The median age for patients in the PEACE-1 study was 67 years, and the median time from diagnosis was 2.3 months. Of the patients randomized to receive abiraterone plus SoC (with or without radiotherapy) or SoC (with or without radiotherapy), 81% had bone metastases without visceral metastases, 11% had visceral metastases, and 8% to 9% had lymph node only metastasis. The rate of visceral metastasis was a bit lower than what we have seen in other studies, such as LATITUDE, where 15% to 19% of patients had visceral disease.23 In this trial, 57% of patients had high disease burden. For the type of SoC, approximately 60% of patients received docetaxel as a part of SoC, with 39% receiving no docetaxel.21

PEACE-1: rPFS (Coprimary Endpoint)

Daniel P. Petrylak, MD:
In this analysis, the data were assessed using 2 subsets of patients: the overall patient population and those who received ADT plus docetaxel as part of SoC therapy. In both populations, the median rPFS was improved in patients who received abiraterone vs SoC alone (with or without the addition of radiotherapy). In the overall population, the median rPFS was 4.5 years (95% CI: 3.5 to not estimable) with abiraterone compared with 2.2 years (95% CI: 2.0-2.6) without abiraterone (HR: 0.54; 95% CI: 0.46-0.64; P <.0001). In patients who received ADT plus docetaxel, the median rPFS was 4.5 years (95% CI: 3.1 to not estimable) with abiraterone vs 2.0 years (95% CI: 1.8-2.3) without abiraterone (HR: 0.5; 95% CI: 0.40-0.62; P <.0001).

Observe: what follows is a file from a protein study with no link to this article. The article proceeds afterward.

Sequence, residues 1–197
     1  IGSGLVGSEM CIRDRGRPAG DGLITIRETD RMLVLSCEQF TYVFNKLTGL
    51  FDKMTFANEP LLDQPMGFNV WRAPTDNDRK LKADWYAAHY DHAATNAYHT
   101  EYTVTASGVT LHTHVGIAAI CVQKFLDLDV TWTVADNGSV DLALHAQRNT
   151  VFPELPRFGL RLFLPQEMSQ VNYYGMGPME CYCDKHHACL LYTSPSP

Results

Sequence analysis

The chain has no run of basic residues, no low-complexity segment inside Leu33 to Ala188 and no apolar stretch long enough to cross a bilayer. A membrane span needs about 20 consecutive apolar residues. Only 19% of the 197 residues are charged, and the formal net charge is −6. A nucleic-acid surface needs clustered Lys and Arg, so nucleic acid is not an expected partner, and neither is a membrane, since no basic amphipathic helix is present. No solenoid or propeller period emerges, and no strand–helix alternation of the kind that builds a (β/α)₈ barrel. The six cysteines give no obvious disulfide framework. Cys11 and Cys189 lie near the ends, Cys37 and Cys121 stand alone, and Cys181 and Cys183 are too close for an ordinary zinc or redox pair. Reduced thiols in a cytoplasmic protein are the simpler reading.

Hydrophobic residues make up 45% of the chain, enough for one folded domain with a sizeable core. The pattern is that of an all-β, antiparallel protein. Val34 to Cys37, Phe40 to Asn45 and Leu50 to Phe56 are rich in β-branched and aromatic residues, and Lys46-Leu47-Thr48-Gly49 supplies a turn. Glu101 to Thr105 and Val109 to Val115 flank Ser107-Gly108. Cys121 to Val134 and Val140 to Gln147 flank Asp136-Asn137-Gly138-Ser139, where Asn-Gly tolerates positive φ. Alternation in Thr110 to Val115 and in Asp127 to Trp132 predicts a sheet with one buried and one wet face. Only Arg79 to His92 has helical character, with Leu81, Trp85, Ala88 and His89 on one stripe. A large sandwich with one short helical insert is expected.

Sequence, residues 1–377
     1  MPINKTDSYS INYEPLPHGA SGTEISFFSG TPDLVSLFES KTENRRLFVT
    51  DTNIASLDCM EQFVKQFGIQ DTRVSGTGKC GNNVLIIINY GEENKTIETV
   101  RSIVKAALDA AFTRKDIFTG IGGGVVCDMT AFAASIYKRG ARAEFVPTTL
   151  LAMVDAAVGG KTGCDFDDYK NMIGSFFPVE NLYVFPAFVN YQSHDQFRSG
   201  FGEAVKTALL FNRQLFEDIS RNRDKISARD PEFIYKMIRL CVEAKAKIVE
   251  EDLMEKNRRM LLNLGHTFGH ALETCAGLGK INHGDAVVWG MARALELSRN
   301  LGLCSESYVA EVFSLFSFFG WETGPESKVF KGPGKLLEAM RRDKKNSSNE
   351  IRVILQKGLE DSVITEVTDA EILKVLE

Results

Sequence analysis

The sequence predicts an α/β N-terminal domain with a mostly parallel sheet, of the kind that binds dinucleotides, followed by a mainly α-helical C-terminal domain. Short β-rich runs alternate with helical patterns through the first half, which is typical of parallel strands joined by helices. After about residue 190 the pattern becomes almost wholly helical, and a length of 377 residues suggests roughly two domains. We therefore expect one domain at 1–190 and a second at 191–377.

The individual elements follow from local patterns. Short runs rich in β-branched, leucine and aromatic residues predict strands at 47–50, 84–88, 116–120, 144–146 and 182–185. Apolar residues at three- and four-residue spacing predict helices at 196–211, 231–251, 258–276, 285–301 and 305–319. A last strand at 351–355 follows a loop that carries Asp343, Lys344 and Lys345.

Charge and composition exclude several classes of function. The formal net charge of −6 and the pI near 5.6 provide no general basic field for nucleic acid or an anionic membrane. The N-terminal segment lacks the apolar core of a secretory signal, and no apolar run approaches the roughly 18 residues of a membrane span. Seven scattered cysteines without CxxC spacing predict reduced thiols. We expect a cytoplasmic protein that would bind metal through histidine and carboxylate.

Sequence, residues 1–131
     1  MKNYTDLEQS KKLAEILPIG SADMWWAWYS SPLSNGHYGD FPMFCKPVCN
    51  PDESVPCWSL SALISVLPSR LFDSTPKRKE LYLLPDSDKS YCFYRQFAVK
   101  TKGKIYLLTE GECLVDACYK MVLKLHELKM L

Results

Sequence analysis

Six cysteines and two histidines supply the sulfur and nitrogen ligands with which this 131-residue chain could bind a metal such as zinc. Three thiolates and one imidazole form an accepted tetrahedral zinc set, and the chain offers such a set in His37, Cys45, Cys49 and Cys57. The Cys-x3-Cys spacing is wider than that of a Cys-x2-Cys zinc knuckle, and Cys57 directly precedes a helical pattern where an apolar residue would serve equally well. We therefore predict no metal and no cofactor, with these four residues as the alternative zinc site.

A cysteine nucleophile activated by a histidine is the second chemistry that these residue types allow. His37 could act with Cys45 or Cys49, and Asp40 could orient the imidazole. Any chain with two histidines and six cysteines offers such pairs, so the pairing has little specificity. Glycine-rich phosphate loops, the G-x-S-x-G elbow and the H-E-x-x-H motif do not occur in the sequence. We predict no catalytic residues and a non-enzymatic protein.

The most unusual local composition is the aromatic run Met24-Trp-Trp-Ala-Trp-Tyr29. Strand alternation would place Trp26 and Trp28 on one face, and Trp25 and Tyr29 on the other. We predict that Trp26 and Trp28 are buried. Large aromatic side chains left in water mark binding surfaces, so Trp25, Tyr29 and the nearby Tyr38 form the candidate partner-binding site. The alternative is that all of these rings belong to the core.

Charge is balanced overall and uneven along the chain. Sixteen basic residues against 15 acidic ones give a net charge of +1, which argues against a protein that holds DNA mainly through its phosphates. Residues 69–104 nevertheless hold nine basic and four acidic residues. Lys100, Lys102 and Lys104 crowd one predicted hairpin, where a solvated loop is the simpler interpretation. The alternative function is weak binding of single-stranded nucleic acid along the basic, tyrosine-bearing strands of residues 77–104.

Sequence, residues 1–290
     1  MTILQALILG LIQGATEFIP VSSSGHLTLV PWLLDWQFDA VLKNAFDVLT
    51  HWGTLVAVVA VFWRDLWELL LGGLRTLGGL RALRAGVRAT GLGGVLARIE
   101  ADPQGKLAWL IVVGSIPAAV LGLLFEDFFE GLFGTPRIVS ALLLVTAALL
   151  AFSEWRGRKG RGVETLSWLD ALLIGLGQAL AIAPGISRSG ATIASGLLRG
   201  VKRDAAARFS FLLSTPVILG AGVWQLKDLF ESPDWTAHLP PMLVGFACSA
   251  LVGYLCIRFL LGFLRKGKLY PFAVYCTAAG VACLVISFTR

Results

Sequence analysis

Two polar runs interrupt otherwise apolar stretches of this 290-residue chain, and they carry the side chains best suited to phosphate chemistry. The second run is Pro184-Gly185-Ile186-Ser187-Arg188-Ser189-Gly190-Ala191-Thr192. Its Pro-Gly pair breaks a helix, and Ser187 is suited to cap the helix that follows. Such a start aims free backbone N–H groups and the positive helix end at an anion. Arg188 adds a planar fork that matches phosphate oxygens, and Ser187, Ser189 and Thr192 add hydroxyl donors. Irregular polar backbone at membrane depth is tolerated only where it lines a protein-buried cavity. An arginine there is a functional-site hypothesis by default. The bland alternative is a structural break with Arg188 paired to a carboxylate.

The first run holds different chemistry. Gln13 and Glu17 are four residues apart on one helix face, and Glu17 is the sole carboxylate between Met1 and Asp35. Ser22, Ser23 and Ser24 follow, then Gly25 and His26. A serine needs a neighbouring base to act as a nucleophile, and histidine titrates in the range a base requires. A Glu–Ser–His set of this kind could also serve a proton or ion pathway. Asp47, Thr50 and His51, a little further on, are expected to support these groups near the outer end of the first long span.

PEACE-1: CRPC-Free Survival

Daniel P. Petrylak, MD:
Castration-resistant prostate cancer (CRPC)-free survival also was superior for abiraterone plus SoC (with or without radiotherapy) vs SoC (with or without radiotherapy). In the overall population, the median CRPC-free survival was 3.8 years (95% CI: 3.1-4.5) with abiraterone compared with 1.5 years (95% CI: 1.4-1.6). Similarly, the median CRPC-free survival was 3.2 years (95% CI: 3.0-4.5) with abiraterone vs 1.4 years (95% CI: 1.3-1.6) in the ADT plus docetaxel patient population. The HR was 0.40 (95% CI: 0.35-0.47; P <.0001) in the overall population and 0.38 (95% CI: 0.31-0.47; P<.0001) in the ADT plus docetaxel population.